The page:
Normally Aki refuses to follow me onto Gastineau, giving me her “are you crazy, I am just a little dog with short legs and tiny feet who will just flounder out there” look. But it is still morning and the sun has not had time to soften the frozen surface of the snow. We are free to roam.
On the far edge of the meadow, where we can enjoy an unfiltered view of Mt. Juneau, Aki goes on alert. I can’t find anything among the stubby Douglas pines to merit her attention. Twice more during our walk across the meadow, the little poodle-mix will bark and stare into the woods. Twice more I will fail to spot anything worth barking at. I will hear a hawk whistle, see two bald eagles circle over our heads, and trace the track of a black bear made yesterday afternoon in softening snow.
Aki and I are back, drawn to the Mendenhall Lake for another chance to ski. Not wanting to press our luck with the lake ice, I lead the little dog on to the ski trail that meanders around a campground. The place is empty of other people and dogs. That might be explained by the fact that we are here on a weekday or because the classic ski trail is as slick as a luge run.
The little dog dashes after her other human who moves much faster than me on her skate skis. Aki’s strong herding instincts kicks in and she runs full out between her two humans as we do a circuit of the trail. When an opportunity to move onto the lake appears we leave the campground and slide into the freedom offered by the snow-covered beach.
I am standing on skis in the middle of the ice-covered Mendenhall Lake. Aki is several hundred meters away, trailing her other human as she skate skis toward the glacier. In a minute or so the little dog will break back and sprint to me. But for now I am alone, warm under the spring sun in a place so quiet I can hear my pulse beating a tattoo.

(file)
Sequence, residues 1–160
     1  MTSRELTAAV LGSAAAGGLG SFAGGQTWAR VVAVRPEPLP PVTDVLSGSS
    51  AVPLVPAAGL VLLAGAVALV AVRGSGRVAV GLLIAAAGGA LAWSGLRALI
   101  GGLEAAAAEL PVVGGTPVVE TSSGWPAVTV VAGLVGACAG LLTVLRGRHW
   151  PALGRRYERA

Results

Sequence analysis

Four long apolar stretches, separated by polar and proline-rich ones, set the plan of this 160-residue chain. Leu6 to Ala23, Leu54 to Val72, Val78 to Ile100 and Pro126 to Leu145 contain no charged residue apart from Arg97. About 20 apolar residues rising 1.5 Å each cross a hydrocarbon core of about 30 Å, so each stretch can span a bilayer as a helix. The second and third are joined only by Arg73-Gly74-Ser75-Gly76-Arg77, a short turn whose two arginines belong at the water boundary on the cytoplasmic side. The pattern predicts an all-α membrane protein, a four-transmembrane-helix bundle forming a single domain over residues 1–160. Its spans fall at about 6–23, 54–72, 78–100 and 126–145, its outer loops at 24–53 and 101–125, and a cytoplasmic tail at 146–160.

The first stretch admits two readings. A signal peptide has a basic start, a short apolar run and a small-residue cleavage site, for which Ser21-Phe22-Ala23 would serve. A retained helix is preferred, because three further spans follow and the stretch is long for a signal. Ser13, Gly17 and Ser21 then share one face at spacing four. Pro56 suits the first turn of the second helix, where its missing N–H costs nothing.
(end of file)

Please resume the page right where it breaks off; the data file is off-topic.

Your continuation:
Even in a small town like ours that has no industry but tourism moments of silent solitude are rare. They usually occur when bad weather keeps everyone else inside, or when the little dog and I are deep in the woods. Today, perhaps thanks to the concern of others about the safety of the ice, I am alone. It’s wise to keep off the ice after long sunny days and early-spring temperatures have weakened it. I didn’t walk onto the ice during yesterday’s walk with Aki due to worry about ice thickness. But it froze hard last night and the tracks of skiers laid down yesterday tempted me to give it a try.
Aki rooted out a treasure and she won’t give it up. We are near Skater’s Cabin after having started a walk along the edge of Mendenhall Lake. My little dog keeps herself between her prize and me. I manage to approach close enough to see that it is the heel of an old baguette. How it came to be buried in inches of snow is a mystery.
I walk on, pondering another mystery—why no one else is here. Morning sun shines on the still frozen lake and the glacier. No clouds obscure the Mendenhall Towers or Mt. McGinnis. The temperature hovers around 40 degrees. In an hour or two the snow will soften enough to make walking on it a struggle. But now it is still firm thanks to last night’s freeze.